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Please note: the conference is in BUILDING 2 on the UC Bruce campus. 
Watch this space for information updates. 

DAILY FORECAST (care of Describing Things in Canberra):  

Wednesday Canberra weather: regardless of any thing Neil Finn may have said, you don’t really have your own personal weather bubble. You can easily test this by travelling from the Woden Valley to the northside on foggy morning. Or getting on a plane in December and flying to Helsinki.

So those of you who are in Canberra today will probably experience much the same weather as each other. Warm to hot and slighty sticky. The weather equivalent of spilling cocoa on your new trousers.

Chemical interventions such as deodorant, sunscreen, mosquito repellent and anti-histamines are strongly indicated. Consider long before you commit to opaque tights, however hairy your legs are. Once the sun is over the yard arm, applications of gin and tonic may be beneficial.

 

 

 
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Wednesday, November 30 • 9:00am - 10:30am
Stealing Across Borders :: 2A12

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Ben Stubbs: After Dark: An exploration of nocturnal travel writing

In 1762 Jean-Jacques Rousseau wrote that we are blind half our lives because of what we miss at night. If we writers, researchers and travellers are all blind half our lives because of what we miss during the night, what are the narratives and the perspectives on place that we’re missing out on?
      This paper will explore the history of nocturnal travel writing in Europe through the 18th and 19th Centuries, focusing on work by flâneurs, or “noctambulators” as Beaumont calls them, who walked their cities in darkness: from Dickens and his night walks in London (1861) through to Restif de la Brettone (1789) and Nerval who embraced the possibilities of caprice with his “extreme” nocturnal wandering in Paris (1852).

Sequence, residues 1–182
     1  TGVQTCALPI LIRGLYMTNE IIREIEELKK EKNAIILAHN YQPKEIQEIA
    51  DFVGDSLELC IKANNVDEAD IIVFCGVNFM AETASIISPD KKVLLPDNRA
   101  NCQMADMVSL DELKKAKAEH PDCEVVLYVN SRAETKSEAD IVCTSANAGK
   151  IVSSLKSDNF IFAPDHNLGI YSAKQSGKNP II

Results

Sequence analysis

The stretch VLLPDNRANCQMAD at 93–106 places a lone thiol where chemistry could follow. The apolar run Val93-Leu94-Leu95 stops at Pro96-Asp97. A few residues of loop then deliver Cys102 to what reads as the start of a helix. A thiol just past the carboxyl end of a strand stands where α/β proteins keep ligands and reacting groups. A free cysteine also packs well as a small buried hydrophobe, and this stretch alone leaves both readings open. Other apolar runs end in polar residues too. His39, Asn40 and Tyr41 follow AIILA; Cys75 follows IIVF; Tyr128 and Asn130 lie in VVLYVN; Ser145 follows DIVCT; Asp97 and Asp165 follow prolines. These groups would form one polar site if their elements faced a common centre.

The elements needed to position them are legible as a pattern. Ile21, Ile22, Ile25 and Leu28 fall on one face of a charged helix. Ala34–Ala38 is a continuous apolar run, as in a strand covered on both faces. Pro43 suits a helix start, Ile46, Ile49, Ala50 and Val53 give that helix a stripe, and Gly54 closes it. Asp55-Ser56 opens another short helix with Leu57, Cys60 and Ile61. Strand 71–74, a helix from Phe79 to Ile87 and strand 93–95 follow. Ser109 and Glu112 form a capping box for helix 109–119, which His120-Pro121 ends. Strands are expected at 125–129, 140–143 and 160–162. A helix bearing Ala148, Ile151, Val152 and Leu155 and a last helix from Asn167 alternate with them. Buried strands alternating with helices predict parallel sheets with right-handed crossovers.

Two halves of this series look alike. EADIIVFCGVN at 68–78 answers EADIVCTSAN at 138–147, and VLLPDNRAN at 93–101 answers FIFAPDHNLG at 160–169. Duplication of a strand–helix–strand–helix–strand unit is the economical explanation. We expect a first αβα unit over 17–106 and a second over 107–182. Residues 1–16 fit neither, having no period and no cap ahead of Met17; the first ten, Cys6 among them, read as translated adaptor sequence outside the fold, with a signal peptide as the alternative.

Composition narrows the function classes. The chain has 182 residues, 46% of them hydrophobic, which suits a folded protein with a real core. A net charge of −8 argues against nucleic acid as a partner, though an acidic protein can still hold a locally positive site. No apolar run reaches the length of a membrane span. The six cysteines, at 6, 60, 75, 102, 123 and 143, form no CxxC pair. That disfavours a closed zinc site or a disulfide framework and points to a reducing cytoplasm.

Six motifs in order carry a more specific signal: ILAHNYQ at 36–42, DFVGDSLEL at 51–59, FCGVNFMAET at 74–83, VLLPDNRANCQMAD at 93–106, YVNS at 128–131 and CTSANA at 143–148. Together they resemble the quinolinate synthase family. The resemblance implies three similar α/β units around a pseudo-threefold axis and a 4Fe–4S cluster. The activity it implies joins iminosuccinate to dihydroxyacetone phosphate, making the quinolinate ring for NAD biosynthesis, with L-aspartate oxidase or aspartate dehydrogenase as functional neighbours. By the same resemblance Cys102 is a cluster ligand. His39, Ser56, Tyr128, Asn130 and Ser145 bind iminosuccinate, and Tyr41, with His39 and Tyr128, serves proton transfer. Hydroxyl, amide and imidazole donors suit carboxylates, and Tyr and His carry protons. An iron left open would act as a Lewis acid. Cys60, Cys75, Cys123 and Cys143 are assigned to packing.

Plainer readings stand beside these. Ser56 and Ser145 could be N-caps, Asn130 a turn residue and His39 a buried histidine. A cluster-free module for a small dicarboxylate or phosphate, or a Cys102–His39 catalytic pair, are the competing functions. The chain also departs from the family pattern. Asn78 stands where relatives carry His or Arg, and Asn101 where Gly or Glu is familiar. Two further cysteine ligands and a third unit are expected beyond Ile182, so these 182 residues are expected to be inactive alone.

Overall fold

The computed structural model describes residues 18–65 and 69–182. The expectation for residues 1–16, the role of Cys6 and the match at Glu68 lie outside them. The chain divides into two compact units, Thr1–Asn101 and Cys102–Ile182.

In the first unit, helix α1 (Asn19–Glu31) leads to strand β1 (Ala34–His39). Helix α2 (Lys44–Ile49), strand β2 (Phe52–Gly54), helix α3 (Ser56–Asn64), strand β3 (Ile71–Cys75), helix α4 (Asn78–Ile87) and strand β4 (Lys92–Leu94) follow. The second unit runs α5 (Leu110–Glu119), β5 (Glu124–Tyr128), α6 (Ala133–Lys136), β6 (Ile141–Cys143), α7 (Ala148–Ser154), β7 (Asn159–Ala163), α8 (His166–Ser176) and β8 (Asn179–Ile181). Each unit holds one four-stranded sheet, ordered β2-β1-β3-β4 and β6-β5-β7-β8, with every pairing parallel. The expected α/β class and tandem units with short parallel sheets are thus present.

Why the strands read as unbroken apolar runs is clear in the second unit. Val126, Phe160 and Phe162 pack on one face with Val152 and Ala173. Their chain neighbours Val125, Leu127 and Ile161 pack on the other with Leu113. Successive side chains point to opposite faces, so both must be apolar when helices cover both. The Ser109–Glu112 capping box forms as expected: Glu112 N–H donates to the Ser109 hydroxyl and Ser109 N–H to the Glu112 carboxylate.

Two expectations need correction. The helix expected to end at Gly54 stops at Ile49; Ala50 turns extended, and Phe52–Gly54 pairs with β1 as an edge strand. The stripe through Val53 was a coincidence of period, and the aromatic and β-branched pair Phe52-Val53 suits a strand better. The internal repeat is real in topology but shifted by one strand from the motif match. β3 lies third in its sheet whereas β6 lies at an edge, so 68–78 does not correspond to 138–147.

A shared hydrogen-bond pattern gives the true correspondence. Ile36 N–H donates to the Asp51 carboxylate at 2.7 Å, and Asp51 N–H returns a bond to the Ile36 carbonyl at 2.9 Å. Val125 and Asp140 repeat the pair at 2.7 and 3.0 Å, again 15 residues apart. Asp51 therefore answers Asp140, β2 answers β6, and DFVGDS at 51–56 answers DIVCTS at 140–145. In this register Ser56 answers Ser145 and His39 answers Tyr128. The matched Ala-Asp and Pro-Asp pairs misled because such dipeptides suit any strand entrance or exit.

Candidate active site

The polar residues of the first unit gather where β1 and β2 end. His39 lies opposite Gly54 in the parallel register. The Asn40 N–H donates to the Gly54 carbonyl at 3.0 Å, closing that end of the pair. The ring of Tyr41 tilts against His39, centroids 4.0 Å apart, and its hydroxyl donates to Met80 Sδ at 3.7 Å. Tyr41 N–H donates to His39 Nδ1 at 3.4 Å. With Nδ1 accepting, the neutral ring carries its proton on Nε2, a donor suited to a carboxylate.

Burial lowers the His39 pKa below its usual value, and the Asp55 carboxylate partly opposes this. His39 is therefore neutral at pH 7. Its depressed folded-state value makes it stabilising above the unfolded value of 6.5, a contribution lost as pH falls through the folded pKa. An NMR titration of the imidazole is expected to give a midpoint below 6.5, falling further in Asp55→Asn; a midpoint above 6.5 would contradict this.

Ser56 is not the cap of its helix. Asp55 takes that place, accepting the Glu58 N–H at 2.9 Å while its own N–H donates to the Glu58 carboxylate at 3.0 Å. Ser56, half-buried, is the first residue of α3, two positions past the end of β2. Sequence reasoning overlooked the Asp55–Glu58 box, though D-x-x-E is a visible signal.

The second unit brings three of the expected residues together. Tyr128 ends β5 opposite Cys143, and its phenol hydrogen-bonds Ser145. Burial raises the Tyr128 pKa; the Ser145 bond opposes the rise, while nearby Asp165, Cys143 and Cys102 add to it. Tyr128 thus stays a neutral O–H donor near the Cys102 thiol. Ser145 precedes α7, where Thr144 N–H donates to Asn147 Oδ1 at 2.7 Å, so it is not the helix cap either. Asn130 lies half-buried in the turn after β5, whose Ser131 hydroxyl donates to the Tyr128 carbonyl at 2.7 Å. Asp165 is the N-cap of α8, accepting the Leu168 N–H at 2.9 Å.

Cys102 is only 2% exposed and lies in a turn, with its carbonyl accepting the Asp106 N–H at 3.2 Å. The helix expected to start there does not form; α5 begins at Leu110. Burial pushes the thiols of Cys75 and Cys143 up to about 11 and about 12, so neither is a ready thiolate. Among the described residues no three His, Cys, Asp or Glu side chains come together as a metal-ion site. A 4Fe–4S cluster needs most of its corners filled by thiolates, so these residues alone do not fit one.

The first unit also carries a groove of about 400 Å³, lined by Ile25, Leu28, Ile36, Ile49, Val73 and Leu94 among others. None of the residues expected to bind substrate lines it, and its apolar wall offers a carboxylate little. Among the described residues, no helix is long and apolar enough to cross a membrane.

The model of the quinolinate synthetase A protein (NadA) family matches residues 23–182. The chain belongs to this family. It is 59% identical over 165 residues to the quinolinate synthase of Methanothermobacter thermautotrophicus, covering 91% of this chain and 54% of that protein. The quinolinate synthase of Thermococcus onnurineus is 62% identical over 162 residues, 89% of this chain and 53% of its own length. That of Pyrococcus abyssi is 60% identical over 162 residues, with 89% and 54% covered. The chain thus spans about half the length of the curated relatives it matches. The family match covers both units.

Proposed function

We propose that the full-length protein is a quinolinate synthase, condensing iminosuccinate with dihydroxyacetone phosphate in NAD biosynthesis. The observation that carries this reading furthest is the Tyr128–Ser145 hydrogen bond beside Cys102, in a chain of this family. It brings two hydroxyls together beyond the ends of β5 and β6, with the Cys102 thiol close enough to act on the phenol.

The second part of this paper will look at nocturnal travel writing and the flâneur from a modern perspective. This will be an auto-analysis of my own work in After Dark: A nocturnal exploration of Madrid (2016) which seeks to capture the same perspective of the “amateur detective and investigator of the city” as inspired by Walter Benjamin, though in a contemporary, nocturnal setting. Beyond presenting a unique perspective of the “otherness” of the city at night, it is my hope that After Dark also challenges the stasis of many contemporary works of travel writing, by not becoming “a function of learned judgement” (1978, p.67) as Said cautioned against in Orientalism, rather a piece which has an identifiable creative and ethical core.

Raelke Grimmer: Writing in Changing Social Contexts: Creating the Genre of Language Journalism 

Language journalism is a genre of writing which has emerged out of creative nonfiction over the past few decades. While the usefulness of genre classification has been debated in literary studies, a linguistic perspective sees genre, and the social contexts genres exist within, as essential in text creation. This paper discusses how language journalism has emerged as a result of how writers have responded to the changing social context of the past half century. Noam Chomsky and his influence in the field of linguistics and the status of English as a global language are used to illustrate the social contexts from which language journalism has emerged due to the ways writers have responded to these changing circumstances. 

Jennifer Anderson: The Art of Travel